Depression contributes to persistent opioid analgesic use (OAU). Treating depression may increase opioid cessation.
To determine if adherence to antidepressant medications (ADMs) v. non-adherence was associated with opioid cessation in patients with a new depression episode after >90 days of OAU.
Patients with non-cancer, non-HIV pain (n = 2821), with a new episode of depression following >90 days of OAU, were eligible if they received ≥1 ADM prescription from 2002 to 2012. ADM adherence was defined as >80% of days covered. Opioid cessation was defined as ≥182 days without a prescription refill. Confounding was controlled by inverse probability of treatment weighting.
In weighted data, the incidence rate of opioid cessation was significantly (P = 0.007) greater in patients who adhered v. did not adhered to taking antidepressants (57.2/1000 v. 45.0/1000 person-years). ADM adherence was significantly associated with opioid cessation (odds ratio (OR) = 1.24, 95% CI 1.05–1.46).
ADM adherence, compared with non-adherence, is associated with opioid cessation in non-cancer pain. Opioid taper and cessation may be more successful when depression is treated to remission.
Proficient bilinguals demonstrate slower lexical retrieval than comparable monolinguals. The present study tested predictions from two main accounts of this effect, the frequency-lag and competition hypotheses. Both make the same prediction for bilinguals but differ for trilinguals and for age differences. 200 younger or older adults who were monolingual, bilingual, or trilingual performed a picture naming task in English that included high and low frequency words. Naming times were faster for high than for low frequency words and, in line with frequency-lag, group differences were larger for low than high frequency items. However, on all other measures, bilinguals and trilinguals performed equivalently, and lexical retrieval differences between language groups did not attenuate with age, consistent with the competition view.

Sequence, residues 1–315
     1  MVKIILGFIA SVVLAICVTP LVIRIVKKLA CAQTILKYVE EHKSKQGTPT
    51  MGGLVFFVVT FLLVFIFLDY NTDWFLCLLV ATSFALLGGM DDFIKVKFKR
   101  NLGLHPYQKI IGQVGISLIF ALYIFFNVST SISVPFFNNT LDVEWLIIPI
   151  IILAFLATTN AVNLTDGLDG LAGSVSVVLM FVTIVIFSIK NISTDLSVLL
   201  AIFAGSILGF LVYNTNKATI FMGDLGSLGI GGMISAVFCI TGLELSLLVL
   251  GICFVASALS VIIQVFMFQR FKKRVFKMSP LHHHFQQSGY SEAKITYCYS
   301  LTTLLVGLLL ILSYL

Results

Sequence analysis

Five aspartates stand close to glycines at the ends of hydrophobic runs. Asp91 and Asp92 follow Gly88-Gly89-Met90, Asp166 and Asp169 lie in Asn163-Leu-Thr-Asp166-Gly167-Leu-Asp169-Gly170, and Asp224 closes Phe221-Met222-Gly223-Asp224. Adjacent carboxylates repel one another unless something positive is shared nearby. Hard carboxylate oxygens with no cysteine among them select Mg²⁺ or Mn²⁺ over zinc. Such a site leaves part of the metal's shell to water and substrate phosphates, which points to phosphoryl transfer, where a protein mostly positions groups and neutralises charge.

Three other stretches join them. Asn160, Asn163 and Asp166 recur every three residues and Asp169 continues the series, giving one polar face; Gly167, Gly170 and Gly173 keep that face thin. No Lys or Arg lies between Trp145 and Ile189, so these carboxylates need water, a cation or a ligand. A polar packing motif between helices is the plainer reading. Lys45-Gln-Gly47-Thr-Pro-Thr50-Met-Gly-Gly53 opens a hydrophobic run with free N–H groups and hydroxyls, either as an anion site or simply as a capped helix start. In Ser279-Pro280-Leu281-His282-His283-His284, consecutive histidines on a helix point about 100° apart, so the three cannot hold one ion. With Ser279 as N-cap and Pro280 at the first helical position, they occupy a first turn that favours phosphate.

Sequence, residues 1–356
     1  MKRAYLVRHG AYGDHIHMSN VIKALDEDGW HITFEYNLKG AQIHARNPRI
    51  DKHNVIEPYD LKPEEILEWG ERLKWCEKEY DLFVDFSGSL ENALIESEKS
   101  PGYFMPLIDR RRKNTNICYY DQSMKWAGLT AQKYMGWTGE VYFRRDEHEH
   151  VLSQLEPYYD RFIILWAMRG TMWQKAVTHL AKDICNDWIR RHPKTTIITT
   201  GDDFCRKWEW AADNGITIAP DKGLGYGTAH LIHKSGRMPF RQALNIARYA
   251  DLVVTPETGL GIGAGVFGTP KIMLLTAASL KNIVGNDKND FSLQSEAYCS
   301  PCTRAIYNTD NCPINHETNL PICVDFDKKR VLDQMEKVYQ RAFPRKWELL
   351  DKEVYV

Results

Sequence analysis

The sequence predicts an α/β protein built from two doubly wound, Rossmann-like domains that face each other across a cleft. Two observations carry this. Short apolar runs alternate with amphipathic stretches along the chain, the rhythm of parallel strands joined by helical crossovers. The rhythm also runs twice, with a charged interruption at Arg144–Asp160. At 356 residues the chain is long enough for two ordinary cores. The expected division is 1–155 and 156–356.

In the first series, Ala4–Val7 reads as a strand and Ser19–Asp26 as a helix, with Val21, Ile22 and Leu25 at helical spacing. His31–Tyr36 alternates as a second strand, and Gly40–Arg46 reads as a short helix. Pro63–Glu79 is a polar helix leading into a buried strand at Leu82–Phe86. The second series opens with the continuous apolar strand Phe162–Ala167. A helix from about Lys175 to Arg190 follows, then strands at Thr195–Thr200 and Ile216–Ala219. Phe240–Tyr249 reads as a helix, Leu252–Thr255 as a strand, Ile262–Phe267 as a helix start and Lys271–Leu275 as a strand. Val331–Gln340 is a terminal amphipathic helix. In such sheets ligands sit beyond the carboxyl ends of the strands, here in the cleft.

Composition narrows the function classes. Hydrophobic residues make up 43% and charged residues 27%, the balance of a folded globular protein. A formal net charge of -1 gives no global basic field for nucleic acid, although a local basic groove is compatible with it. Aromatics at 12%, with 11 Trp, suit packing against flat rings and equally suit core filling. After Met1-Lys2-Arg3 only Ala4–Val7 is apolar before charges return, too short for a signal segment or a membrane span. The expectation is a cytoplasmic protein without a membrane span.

Race, psychiatric history, and adverse life events have all been independently associated with postpartum depression (PPD). However, the role these play together in Black and Latina women remains inadequately studied. Therefore, we performed a case–control study of PPD, including comprehensive assessments of symptoms and biomarkers, while examining the effects of genetic ancestry.
We recruited our sample (549 cases, 968 controls) at 6 weeks postpartum from obstetrical clinics in North Carolina. PPD status was determined using the MINI-plus. Psychiatric history was extracted from medical records. Participants were administered self-report instruments to assess depression (Edinburgh Postnatal Depression Scale) and adverse life events. Levels of estradiol, progesterone, brain-derived neurotrophic factor, oxytocin, and allopregnanalone were assayed. Principal components from genotype data were used to estimate genetic ancestry and logistic regression was used to identify predictors of PPD.
This population was racially diverse (68% Black, 13% Latina, 18% European). Genetic ancestry was not a predictor of PPD. Case status was predicted by a history of major depression (p = 4.01E-14), lifetime anxiety disorder diagnosis (p = 1.25E-34), and adverse life events (p = 6.06E-06). There were no significant differences between groups in any hormones or neurosteroids.